Hospitals are still operating with “one hand tied behind their back” as the cyberattack on the health service could take several months to fully fix, Health Service Executive (HSE) chief executive Paul Reid has signalled.
While a “very significant number” of systems were back up after last month’s ransomware attack, Mr Reid said there remains “reasonable constraints on our hospital and community services”.
Some are still unable to access real-time information on patients or transfer information between hospitals.
While progress has been made restoring an information system that links GPs to the health service, Mr Reid said “in many cases many of our hospitals have one hand tied behind their back”.
Speaking to RTÉ’s Morning Ireland, he suggested it could take as long as six months for the systems to fully recover.
“I spoke to a lot of organisations who have been through a cyberattack in the UK,” he said.
“The Environmental Protection Agency in Scotland – [there was] six months of an impact in terms of fully getting all of the services stabilised.
“So we are weeks into it.
“I appreciate people’s forbearance with us, and patients are being very supportive of us, but we are still working this through and we are making good progress every week.”
Mr Reid urged anyone waiting for a second dose of the AstraZeneca Covid-19 vaccine to make an appointment as the programme escalates over the coming weeks.
The HSE is administering about 100,000 second jabs of the vaccine every week, and expects to have worked through the 450,000 still waiting for another dose by the middle of July.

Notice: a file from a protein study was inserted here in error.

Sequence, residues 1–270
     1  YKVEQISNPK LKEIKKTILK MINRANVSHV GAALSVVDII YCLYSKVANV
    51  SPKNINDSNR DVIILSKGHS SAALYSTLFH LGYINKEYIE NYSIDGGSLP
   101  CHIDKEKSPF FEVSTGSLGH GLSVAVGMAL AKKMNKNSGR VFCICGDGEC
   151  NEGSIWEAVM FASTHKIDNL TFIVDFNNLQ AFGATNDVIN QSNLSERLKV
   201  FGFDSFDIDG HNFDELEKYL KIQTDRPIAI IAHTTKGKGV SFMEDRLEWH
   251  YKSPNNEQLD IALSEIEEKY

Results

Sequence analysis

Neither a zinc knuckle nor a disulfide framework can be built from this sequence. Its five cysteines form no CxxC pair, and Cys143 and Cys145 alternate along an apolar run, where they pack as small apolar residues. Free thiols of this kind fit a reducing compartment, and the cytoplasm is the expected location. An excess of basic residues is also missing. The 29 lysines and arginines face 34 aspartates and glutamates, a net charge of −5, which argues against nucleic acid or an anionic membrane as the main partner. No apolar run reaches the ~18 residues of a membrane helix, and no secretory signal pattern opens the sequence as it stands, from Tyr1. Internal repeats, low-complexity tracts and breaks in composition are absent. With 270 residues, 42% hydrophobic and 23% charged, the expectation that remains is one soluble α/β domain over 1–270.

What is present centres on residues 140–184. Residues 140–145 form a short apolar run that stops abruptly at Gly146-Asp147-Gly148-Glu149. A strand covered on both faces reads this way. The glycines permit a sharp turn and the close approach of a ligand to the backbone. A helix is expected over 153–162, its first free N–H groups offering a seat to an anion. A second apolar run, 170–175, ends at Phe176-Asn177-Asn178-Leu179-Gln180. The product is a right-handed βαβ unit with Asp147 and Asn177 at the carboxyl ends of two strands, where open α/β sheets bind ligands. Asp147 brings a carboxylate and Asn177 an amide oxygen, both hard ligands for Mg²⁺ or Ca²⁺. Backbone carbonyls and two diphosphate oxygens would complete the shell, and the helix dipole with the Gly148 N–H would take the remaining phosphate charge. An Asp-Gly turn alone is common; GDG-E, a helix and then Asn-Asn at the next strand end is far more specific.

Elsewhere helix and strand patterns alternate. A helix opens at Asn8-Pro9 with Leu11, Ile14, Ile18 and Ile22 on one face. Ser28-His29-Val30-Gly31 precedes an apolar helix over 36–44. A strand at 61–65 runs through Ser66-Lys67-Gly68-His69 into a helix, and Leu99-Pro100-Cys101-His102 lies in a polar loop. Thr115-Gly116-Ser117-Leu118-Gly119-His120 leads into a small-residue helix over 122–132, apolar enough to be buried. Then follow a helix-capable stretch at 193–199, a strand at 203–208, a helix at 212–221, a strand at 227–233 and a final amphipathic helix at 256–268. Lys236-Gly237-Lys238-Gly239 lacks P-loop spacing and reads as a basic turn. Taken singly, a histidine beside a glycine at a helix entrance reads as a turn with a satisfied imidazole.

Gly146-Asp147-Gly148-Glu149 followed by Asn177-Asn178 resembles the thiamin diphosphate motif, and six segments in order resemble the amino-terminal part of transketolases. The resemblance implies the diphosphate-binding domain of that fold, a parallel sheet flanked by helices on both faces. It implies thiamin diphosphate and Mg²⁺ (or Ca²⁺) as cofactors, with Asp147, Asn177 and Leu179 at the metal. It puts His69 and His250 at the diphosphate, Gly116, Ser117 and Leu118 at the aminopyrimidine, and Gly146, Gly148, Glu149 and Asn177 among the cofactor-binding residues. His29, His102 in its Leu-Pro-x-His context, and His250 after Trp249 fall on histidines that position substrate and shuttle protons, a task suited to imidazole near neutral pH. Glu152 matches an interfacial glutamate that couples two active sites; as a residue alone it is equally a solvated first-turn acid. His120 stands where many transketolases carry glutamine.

Mr Reid said a second dose gives 92 per cent protection against hospitalisation for the more infectious Delta variant of Covid-19.
With around 3.25 million doses of all vaccines administered in Ireland to date, around 58 per cent of the population have received one jab and 28 per cent have had both.
Mr Reid expects the percentage figures to rise into the high 60s for one dose and “well into” the 30s for two doses by early July.
“The benefits we are seeing are extremely strong already,” he said.
“Today, we have 55 positive inpatient cases in hospital with Covid, and 23 in ICU.
“Just remember the dark days in January when there were 2,000 people in hospital and over 212 in ICUs.”
He added: “While we have that concern about the Delta variant, I think we should stand back and recognise the very strong benefits we are seeing from the vaccination programme.”
On Wednesday, the Department of Health reported 329 new confirmed cases of Covid-19 in the State. On Twitter, the department said there were 57 patients in hospital with the virus, of which 19 were in intensive care.
Meanwhile, Tánaiste Leo Varadkar said that while the Government is keeping a close eye on the spread of the Delta Covid-19 variant, the plan is to proceed with all stages of reopening, including a return to the office, in August.
“We always have to keep a very close eye on the epidemiological situation. This virus has ripped up our plans on many occasions in the past. What is reassuring is, at least here in Ireland, is the numbers are also going in the right direction, cases are going down, hospitalisations are going down, more people are getting vaccinated and doubled jabbed every day. In England, we are watching the situation very carefully.
“The numbers seem to be around 7,000 a day and haven’t gone up much in recent days. But that could change very dramatically, you have to keep a close eye on the situation but as things stand for now the plan is to proceed with the July reopening as planned, international travel restrictions on July 19th. And then a further relaxation in August and among the things under consideration for August is a phased return to the office. So level two allows for people to return to the office for training induction and for meetings, while level one is a staggered phased return to the office. It will be the end of June when we have a Cabinet meeting that will be able to work on that.”
Mr Varadkar said he would be “very reluctant” to go down a road where employers would require employees to have vaccinations.
“It’s never been a requirement that employees or people have to tell their employers private medical information, and you’d want to have a really strong overwhelming public health case for that to change.”